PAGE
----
Kissed by the sun filtering through a tree, artist Elizabeth St. Hilaire works on a piece or art at Wekiva Island as part of the Wekiva Paint Out on Thursday, March 3, 2016. The event, which runs February 29th through March 5th features artists working along the river. Their work is displayed and available for purchase with proceeds going to Keep Seminole Beautiful and the Wekiva Wilderness Trust. St. Hilaire is a mixed media artist and said that she enjoys being different that most of the artists there who feature oil pointings. “I’m really glad that I stepped out of my comfort zone,” she said. –Jacob Langston
Out of the Zone
With the success of my Paper Paintings at the Wekiva Paint Out this year, I’ve begun thinking about working on more landscapes, getting out of the studio and into the great outdoors. The folks at the Paint Out invited me back next March. In light of my potential future as an outdoor collage artist, my friends in Italy began working on developing The St. Hilaire System, an incredibly ingenious plein air collage easel setup.
Are you excited?
Back into the Groove
Lou Degni is a renaissance man. He comes from a long lineage of Italian church painters. When Lou was a kid, he painted with his grandparents and his parents, churches in upstate New York. Lou ultimately went to college for art, but when he entered the big bad world with his art degree, his work opportunities were sparse. Out of necessity, he took a job with the sheriffs department, and that rest was history. Lou went on to have an amazing career in law enforcement.
Somewhere along the way he gained some MAD woodworking skills, too.
Recently Lou retired, and started thinking about his roots, his passion, his art. Sound familiar? Coming back full circle to that which fueled his soul, long before he had to make practical decisions to support his family, this is a story I hear over and over from students in my Paper Paintings Collage Workhops.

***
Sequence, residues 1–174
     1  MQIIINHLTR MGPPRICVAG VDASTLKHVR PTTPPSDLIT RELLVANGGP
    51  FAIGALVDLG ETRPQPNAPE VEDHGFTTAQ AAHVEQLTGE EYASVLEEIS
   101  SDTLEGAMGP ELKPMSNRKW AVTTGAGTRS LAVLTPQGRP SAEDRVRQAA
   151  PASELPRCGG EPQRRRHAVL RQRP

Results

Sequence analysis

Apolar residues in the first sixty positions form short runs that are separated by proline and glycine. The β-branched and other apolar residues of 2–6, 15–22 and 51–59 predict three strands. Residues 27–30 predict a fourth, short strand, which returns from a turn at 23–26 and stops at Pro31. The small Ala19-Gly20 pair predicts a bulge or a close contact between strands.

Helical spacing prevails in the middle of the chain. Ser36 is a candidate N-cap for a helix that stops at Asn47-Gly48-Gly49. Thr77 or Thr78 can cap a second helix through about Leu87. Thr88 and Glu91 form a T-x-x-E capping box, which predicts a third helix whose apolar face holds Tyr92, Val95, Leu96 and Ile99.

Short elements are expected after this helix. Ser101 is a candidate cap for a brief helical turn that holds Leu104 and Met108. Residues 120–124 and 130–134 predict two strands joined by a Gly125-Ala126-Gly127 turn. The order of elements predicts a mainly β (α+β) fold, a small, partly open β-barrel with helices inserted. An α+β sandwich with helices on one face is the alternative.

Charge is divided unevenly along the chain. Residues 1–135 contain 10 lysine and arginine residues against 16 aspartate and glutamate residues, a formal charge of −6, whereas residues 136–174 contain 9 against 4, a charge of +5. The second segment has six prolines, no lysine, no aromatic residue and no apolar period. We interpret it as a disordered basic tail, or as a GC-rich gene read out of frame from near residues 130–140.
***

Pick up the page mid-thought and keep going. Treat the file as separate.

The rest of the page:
Lou is painting again! After a long hiatus, Louis Degni is back to his love, and plein air painting has become his passion. His beautiful painting above, The Road Home, was painted in the countryside of Fabro. I can’t help but think that not only is this road headed to Lou’s home in Italy, but that it’s also a road home to his art, his passion, his sense of self. Visit Lou’s Blog to learn about his Journey Back to Art.
Lou’s Journey makes me happy.
Lou took his passion for plein air painting and combined it with his own ingenuity and those mad wood working skills — he had an idea and hit the ground running. Right now we are in the prototype phase of this amazing plein air collage easel. We are working out how to make it most portable and efficient, and how to get it produced in volume so that it will be available for purchase. I’ll be testing it out in person when I return to Italy next month for my Paper Paintings Collage Retreat in Fabro, so stay tuned.
Oh, and can I just say how cool it is to have marketing images with ITALY in the back drop?
The full setup has nine wells with lids, based on the fact that I separate my hand painted paper by colors, into nine sections. There is also a place for glue, and two brush tubes. The whole setup is supported by a light weight tripod with adjustable legs for uneven surfaces.
The wood collage panel is secured right above the work surface, I work at an easel in the studio as well, so this system is completely intuitive for working in the field.
Plein air painting requires compact, light weight tools. If you have to hike into the woods or down the river a mile or so, you want an efficient setup. –Lou has designed the The St. Hilaire System to be just that.
One of the first challenges I had working in the field was the wind. When I was at the Paint Out I actually went back to the classroom space after creating my under-painting in the field. I applied my papers on the deck that overlooks the Wekiva River as I had some protection from the papers blowing around there. I also carried a set of plastic drawers full of paper with me, and taking them into the field was just prohibitive.
The St. Hilaire System eliminates the need for me to have to run for cover next year at the Wekiva Paint Out. I’ll be able to collage right in the field, thanks to lids that will keep my papers safe and secure in the nine wells that are designed into the easel.
I can’t thank Lou enough for taking on this project and being excited about developing something totally new and different, a plein air collage painting easel. My fellow artists were all curious as to how I was going to make collage work in the great outdoors this year. I figured out how to make it work.
Lou figured out how to make it work like a sports car.
As Always, Stay Tuned
Stay tuned to the same Bat Station for more updates and info on the prototype and how and where to buy your own St. Hilaire System, made in Italy. We will be breaking it out in June and I will be covering it on the blog and the studio Facebook page.
for being a part of my